RFD Maine — Varmints
One of my buddies recently moved from his in-town location to a charming place out in the country. Everything seemed good at first. Then he learned, the hard way, about biting insects. Of course these pests are pretty much non-existent in the city, but out in the country they have no problem holding their own.
“I never knew they could be so bad,” my friend told me. Yup. They’re bad alright, and for someone who had never had the pleasure of dealing with blackflies, mosquitoes and deerflies, the initial shock was great.
But biting insects are only one of the many less-than-pleasant facts of life in RFD Maine. There are many more and in fact, they are legion.
Several weeks ago I looked out my back door to see two deer standing on the hillside behind my house. These were only about 50 feet away, which made my heart sink. The deer stood almost beneath one of the 18-year-old apple trees that have yet to bear a decent crop of apples. Why is that, you might ask, that these mature trees have yet to bear fruit? Because ever since the trees were first planted, generations of deer have visited them, nibbling the tips of the branches and eating the unripe fruit. This “extra” pruning served to set the trees back so much that only this year does one of them have a few apples on its uppermost branches, where the deer can’t reach. I think there are 11 apples, but of course I’m not counting.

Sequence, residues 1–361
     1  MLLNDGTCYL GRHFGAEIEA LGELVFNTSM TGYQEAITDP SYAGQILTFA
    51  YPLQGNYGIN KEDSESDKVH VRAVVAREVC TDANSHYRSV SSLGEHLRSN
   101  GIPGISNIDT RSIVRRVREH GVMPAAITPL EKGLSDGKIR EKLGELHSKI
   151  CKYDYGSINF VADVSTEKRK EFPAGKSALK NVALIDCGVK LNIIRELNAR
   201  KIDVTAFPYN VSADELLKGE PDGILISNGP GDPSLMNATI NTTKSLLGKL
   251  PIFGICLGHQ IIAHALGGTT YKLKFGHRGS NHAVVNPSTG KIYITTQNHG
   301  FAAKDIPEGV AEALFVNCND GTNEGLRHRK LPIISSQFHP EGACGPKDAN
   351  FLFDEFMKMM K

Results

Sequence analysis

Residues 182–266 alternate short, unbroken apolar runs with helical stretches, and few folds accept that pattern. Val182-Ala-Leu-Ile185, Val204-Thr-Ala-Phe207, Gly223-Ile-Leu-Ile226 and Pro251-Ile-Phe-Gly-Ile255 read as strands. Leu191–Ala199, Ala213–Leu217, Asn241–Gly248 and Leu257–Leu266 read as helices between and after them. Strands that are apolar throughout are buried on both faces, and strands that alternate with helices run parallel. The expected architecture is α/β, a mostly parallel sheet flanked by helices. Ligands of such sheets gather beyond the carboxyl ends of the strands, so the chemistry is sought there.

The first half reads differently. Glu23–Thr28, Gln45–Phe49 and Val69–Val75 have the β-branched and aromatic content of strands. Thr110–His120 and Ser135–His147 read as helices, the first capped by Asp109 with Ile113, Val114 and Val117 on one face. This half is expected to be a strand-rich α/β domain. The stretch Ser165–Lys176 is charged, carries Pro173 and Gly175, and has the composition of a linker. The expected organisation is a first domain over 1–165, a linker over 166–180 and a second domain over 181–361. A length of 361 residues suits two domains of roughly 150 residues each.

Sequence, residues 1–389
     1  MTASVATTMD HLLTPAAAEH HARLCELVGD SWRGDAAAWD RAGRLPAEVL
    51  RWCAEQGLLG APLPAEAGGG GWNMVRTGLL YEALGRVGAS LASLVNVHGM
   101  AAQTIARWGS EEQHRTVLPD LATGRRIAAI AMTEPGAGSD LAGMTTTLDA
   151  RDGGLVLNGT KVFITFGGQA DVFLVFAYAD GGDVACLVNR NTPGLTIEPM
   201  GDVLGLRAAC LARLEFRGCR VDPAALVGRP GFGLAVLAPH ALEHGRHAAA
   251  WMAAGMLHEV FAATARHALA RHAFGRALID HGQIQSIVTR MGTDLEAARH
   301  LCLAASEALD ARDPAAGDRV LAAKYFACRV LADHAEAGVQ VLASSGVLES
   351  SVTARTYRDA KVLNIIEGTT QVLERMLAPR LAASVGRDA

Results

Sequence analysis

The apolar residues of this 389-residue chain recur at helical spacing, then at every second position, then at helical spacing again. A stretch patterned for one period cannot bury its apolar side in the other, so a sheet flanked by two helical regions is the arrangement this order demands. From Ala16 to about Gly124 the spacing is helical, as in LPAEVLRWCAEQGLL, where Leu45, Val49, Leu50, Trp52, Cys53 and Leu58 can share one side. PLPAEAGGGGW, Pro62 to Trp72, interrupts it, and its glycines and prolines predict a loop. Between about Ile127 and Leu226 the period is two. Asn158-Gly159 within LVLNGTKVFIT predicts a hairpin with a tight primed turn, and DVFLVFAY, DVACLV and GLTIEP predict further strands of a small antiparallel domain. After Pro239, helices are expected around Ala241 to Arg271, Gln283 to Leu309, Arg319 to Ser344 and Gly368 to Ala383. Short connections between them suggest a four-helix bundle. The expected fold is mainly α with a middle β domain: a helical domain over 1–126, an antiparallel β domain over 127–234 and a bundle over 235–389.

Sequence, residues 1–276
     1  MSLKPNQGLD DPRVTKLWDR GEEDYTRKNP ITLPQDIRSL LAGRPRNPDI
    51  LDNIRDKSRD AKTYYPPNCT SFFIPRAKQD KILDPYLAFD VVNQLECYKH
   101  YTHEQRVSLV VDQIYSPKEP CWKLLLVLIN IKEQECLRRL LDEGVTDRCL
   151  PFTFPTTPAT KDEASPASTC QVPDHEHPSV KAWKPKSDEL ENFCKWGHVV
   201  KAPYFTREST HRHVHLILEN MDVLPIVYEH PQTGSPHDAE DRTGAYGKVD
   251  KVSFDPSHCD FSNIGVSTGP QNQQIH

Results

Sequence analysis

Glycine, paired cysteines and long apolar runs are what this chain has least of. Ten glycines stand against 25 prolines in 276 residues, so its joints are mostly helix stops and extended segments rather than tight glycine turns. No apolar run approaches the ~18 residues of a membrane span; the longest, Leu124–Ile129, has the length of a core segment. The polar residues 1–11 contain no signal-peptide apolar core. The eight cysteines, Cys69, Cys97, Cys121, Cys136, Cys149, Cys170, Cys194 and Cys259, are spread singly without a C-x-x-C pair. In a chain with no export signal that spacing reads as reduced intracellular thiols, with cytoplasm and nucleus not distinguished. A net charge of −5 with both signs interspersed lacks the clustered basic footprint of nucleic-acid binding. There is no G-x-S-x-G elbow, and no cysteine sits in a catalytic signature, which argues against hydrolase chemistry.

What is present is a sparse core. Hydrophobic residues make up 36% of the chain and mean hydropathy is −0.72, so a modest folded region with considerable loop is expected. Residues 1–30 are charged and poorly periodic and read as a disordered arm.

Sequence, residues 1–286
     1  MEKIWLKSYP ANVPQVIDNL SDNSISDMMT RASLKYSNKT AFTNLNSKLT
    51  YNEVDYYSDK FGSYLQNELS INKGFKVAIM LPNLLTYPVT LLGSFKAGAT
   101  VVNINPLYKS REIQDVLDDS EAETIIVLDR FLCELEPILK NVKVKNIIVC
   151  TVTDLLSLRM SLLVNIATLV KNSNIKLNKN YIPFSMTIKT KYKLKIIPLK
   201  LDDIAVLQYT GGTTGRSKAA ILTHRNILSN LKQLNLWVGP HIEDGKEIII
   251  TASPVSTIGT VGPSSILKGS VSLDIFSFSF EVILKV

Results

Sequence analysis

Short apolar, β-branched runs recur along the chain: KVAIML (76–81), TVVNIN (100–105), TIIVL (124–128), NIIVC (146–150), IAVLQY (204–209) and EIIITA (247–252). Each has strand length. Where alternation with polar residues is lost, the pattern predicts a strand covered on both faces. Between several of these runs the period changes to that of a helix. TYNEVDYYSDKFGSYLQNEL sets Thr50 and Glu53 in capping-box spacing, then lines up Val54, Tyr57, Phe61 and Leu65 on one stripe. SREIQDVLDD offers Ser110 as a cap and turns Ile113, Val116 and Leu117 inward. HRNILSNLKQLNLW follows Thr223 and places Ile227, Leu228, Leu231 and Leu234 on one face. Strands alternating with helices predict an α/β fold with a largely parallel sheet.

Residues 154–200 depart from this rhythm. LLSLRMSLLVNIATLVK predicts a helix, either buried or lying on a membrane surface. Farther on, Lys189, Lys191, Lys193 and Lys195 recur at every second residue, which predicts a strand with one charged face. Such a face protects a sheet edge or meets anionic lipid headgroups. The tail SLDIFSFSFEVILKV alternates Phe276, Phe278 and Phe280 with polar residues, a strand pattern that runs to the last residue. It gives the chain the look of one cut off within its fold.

Back about eight years ago, I decided to turn a small, vacant field into a pear orchard. So I planted a number of pear varieties one spring. The trees grew quickly and went into the winter hale and hardy. But over the winter, deer wandered into my pear orchard and chewed the little trees down to stubs, thus dashing my hopes for an ongoing crop of pears. I love pears and the deer have taken that away from me.
But that was not the end of deer damage. Last year a deer passed through my front lawn and nibbled on bean plants in the raised beds there. While they set the plants back a bit, I still managed to harvest a reasonable amount of produce.